Looks like I used "gets()" to wait for serial input and then "sscanf()" to parse the message into a string and a digital number.
    So, not sending data as binary here but as plain text.

    Not really using any frame start or end here and you don't really have to with a simple USB connection to PC because it's usually perfect data.
    But, you'd need things like that if there's a chance of corrupted data or the two propellers not being in sync.
    Can add CRC if really worried about bad data...

  • Have a pair of programs that seem to work as far as sending some bytes but the functions aren't to my liking .

  • I also rewrote FDSerial for llvm (currently on a separate branch), so the file-based interface works there. For binary data, however, you’d just use the library functions _uart_putc() and _uart_getc() and write your own packeting system on top of it.

  • GenetixGenetix Posts: 1,669

    bbrien,

    Telescope Driver would be easier to understand if the actions where made individual functions.
    In the While loop of the Main function, after getting the switch inputs, the program transmits the Mode as a Decimal, the Direction as a character, and then a NewLine or CR character, before pausing and looping again.

    In the While of the Main of Orion, the Mode and Direction are retrieved which a Mode of 0 meaning no movement.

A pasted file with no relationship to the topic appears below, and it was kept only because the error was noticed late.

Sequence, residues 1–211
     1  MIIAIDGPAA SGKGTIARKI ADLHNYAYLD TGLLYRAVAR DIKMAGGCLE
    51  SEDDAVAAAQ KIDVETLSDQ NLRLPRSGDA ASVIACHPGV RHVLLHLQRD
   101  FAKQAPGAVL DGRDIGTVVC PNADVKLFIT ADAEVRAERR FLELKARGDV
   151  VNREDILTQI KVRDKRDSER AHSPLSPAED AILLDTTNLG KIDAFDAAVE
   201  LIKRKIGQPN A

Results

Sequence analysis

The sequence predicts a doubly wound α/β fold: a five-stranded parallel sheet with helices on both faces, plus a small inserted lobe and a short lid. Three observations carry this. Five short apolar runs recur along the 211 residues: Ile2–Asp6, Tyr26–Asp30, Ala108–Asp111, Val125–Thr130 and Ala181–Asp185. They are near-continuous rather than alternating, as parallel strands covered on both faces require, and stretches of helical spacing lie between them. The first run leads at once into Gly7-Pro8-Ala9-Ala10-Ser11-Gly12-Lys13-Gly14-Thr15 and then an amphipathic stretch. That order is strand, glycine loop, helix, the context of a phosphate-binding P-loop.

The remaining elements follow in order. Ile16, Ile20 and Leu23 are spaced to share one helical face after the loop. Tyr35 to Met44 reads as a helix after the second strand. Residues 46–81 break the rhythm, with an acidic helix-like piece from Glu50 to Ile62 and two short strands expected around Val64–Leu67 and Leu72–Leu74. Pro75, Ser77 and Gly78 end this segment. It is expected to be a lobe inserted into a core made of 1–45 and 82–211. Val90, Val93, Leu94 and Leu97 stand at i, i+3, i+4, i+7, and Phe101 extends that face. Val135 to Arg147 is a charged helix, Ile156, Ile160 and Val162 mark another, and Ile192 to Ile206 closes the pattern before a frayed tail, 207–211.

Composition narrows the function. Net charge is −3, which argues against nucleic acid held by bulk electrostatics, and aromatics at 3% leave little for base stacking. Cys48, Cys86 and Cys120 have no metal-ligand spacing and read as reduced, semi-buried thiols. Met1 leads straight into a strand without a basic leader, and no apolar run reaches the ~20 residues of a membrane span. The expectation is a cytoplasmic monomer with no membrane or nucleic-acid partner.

Mode is converted back to a number by subtracting out the ASCII value of the number Zero.
    One big problem is the Switch statement which does not cancel out the other directions.
    If going East/West then North/South need to be canceled, and vice versa when going North/South.

    Normally LEDs and Switches are Active-High meaning they are On when a high voltage is connected, but they can be Active-Low.

    Active-Low is good when something shouldn't happen such as a part contact switch that shows a part is in place.

    Currently the Orion program is treating the Autoguider switches as Active-Low or active/working when their value is low.

  • iseriesiseries Posts: 1,268

    @Genetix ,

    Incorrect on the mode being zero means no movement. Mode is used to reference the speed array which always starts at zero.
    This way the array could be changed to allow for different movement values. Up/down might be faster than left/right.

    Since the direction is controlled by the square_wave function it can only effect one pin at a time and thus only move in one direction. Its only allowed to move in one direction for a half of a second and then stops.

    The motors are controlled by an A4988 type stepper chip that powers the motors at all times to keep it in one place. A step pulse is used to move the motors in one direction one movement at a time. It makes no difference where the pins are left since they only respond to change.

    One issue is that the motor driver is waiting one half second but the hand control is waiting at 50 milliseconds. The motor driver unit could be over driven by step movements since it is buffering the connection. The array storing incoming commands is only 8 long and could be over run by values.

    Mike

  • @Rayman said: